Something Fishy: Macropinna microstoma


Hey guys,how’s it going?

This week’s fish is ultra cool, and  personally, it makes me wonder if it came from alien origin!



The barreleye fish,also known as the  spookfish,lives from about 400m – 2500m deep into the ocean. They have been found in the Pacific, Atlantic and Indian Oceans. The barreleye fish is believed to consume mostly jellyfishes and small zooplankton such as hydroids, copepods and other pelagic crustaceans

What you might first mistake as its eyes (just above the small mouth) are actually the fish’s olfactory organs, also known as nostrils. Believe it or not, the fish’s eyes are the green tubular objects that are pointing upward from within the transparent dome of the fish’s head.

 Living at depths where sunlight from the surface fades to almost complete darkness, their tubular eyes are excellent at collecting light, allowing them to to search for faint silhouettes of prey overhead. While it was initially believed that their eyes were fixed in an upward position; that would have made it near impossible to actually eat they prey with no ability to see forward.

But you see guys, when living in the deep sea, being translucent is not unusual. Having tubular eyes are not new, either. So what qualifies this fish to be crazy weird is the fact that its eyes can actually rotate to whichever angle it wants!

“Using MBARI’s remote operate vehicles Robison and Reisenbichler were
able to view the barreleyes in the ocean between 600 and 800m.  The
found that the eyes of Macropinna can rotate within transparent
shield that covers the fish’s head, allowing it to look at whatever it
wants.  This transparent, fluid-filled shield that covers the top of the
fish’s head was unknown to science, i.e. existing descriptions and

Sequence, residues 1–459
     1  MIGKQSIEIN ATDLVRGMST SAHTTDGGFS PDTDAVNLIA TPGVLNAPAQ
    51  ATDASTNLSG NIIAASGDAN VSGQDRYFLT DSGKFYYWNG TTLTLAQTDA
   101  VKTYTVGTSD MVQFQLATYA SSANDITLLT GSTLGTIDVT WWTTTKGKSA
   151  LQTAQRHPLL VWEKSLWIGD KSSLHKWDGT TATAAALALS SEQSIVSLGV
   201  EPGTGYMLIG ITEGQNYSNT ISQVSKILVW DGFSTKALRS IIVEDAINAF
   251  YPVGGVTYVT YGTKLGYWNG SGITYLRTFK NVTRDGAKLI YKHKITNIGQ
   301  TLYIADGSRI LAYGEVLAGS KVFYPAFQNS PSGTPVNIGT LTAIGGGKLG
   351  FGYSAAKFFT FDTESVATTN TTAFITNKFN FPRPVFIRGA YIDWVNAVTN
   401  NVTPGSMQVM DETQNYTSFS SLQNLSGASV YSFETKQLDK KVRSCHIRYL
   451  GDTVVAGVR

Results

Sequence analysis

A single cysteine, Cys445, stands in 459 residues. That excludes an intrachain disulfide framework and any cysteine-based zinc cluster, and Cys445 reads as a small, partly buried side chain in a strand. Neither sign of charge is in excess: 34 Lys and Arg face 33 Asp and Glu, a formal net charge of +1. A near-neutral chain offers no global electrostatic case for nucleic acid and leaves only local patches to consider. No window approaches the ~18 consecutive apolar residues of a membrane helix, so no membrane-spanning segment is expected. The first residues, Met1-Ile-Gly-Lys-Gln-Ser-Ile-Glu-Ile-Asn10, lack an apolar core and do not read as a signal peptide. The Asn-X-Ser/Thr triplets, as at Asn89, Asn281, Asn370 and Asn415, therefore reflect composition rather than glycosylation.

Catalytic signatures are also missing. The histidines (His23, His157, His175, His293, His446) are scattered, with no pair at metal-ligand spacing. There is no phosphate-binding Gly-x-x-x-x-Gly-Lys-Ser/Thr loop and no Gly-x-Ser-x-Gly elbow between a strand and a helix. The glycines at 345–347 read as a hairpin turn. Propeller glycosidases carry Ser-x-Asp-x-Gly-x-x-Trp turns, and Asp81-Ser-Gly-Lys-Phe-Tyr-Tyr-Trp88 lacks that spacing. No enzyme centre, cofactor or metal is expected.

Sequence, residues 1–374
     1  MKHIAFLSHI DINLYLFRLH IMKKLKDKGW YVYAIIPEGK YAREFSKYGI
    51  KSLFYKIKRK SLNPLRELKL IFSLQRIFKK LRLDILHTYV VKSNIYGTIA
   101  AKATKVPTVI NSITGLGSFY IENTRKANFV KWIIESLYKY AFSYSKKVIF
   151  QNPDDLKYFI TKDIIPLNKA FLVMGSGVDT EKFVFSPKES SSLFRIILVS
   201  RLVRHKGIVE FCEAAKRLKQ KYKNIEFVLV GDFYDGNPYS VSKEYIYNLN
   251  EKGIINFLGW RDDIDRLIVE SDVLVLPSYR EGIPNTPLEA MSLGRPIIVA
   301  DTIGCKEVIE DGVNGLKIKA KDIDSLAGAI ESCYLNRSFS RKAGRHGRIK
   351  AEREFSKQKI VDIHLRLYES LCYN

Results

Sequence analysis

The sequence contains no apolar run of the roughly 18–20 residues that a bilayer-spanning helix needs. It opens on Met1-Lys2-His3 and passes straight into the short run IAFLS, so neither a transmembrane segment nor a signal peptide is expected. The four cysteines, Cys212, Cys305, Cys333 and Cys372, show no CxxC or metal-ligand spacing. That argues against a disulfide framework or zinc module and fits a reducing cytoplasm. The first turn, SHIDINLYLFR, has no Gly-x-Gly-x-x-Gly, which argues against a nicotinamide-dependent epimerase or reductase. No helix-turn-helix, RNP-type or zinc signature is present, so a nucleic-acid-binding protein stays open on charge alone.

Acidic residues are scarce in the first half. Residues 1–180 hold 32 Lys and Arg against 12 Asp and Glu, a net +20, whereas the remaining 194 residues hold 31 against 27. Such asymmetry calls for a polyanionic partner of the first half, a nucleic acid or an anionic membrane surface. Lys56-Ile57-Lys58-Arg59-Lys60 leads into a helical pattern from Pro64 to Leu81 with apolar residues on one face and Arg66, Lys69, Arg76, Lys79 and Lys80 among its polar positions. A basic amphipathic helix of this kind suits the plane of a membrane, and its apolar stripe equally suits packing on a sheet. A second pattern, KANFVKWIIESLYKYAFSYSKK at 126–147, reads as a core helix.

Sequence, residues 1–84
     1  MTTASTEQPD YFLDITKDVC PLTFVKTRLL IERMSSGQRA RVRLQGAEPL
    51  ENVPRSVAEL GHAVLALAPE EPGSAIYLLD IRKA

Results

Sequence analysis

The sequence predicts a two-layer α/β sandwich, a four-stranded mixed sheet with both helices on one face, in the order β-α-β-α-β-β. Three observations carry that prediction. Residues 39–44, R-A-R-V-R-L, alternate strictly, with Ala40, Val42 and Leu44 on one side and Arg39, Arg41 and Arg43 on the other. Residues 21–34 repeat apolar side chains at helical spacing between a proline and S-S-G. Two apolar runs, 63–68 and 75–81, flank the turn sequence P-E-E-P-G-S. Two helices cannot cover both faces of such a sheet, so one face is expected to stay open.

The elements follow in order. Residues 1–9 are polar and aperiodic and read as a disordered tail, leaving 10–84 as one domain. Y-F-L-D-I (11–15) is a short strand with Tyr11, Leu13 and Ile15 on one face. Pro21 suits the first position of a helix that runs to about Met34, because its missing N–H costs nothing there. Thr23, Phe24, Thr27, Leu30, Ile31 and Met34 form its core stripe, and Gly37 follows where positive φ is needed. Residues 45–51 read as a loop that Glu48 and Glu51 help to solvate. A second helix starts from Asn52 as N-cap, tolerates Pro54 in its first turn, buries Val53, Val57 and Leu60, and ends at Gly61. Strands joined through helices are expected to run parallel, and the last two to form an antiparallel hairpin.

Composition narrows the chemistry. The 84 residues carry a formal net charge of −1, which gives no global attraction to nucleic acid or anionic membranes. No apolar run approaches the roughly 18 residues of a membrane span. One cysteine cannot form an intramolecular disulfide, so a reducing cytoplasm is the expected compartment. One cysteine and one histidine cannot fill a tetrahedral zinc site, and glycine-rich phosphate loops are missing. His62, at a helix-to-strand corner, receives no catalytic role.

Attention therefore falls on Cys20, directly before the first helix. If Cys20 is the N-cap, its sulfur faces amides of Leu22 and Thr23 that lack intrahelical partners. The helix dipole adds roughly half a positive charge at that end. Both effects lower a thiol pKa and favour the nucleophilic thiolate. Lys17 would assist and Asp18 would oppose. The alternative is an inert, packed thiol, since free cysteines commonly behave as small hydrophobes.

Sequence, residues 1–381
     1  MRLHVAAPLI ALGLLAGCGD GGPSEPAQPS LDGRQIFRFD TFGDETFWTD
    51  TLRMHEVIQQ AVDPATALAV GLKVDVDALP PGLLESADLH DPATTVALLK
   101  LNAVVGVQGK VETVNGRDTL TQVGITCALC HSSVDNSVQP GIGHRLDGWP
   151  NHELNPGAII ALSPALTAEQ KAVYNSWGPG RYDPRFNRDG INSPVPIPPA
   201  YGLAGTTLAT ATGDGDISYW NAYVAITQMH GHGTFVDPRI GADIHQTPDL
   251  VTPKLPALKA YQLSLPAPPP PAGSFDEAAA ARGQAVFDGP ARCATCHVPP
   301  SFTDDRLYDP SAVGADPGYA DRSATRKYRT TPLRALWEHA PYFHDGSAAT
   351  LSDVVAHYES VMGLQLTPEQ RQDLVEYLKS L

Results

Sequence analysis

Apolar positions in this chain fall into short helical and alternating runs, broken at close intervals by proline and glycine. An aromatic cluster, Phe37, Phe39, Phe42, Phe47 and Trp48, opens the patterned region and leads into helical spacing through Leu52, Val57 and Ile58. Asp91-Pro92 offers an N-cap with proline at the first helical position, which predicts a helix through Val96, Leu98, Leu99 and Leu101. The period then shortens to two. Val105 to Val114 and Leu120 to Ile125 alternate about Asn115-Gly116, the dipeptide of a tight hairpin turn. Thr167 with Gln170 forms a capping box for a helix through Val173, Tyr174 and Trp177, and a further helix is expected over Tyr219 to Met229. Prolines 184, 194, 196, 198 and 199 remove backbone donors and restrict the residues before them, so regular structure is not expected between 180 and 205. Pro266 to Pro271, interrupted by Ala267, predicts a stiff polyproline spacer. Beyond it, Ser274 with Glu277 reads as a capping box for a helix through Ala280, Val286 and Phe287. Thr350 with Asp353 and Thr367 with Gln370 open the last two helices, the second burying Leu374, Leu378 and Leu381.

illustrations do no show it.  Likely, when previous specimens were
caught in deep-sea trawls there were damaged or lost.”


Its eyes are like the most awesome periscope ever! In the deep, most animals hunt by looking up. They take advantage of what
little surface light is available to spot a silhouette of something above.
Having rotating eyes to see food above, then see it when it’s near the mouth
is a great adaptation.

But the awesomeness does not stop here. Apart from the amazing “headgear”, barreleyes have a variety of other interesting adaptations to deep-sea
life. Their large, flat fins allow them to remain nearly motionless in
the water, and to maneuver very precisely .
Their small mouths suggest that they can be very precise and selective
in capturing small prey.

Also, depending on what species you are looking at, they might have scales or
not. Their fins are mostly spineless (seriously, check out the
crystalline fins on the dried out specimen above). They have gizzards
like birds, and some of their organs even glow in the dark thanks to
bioluminescent bacteria. They even have some ‘mirror lighting,’ which is
like countershading on crack. There is much more to these fishes than
meets the eye, but the eyes are what everybody focuses on.

 Do enjoy this video to know more :



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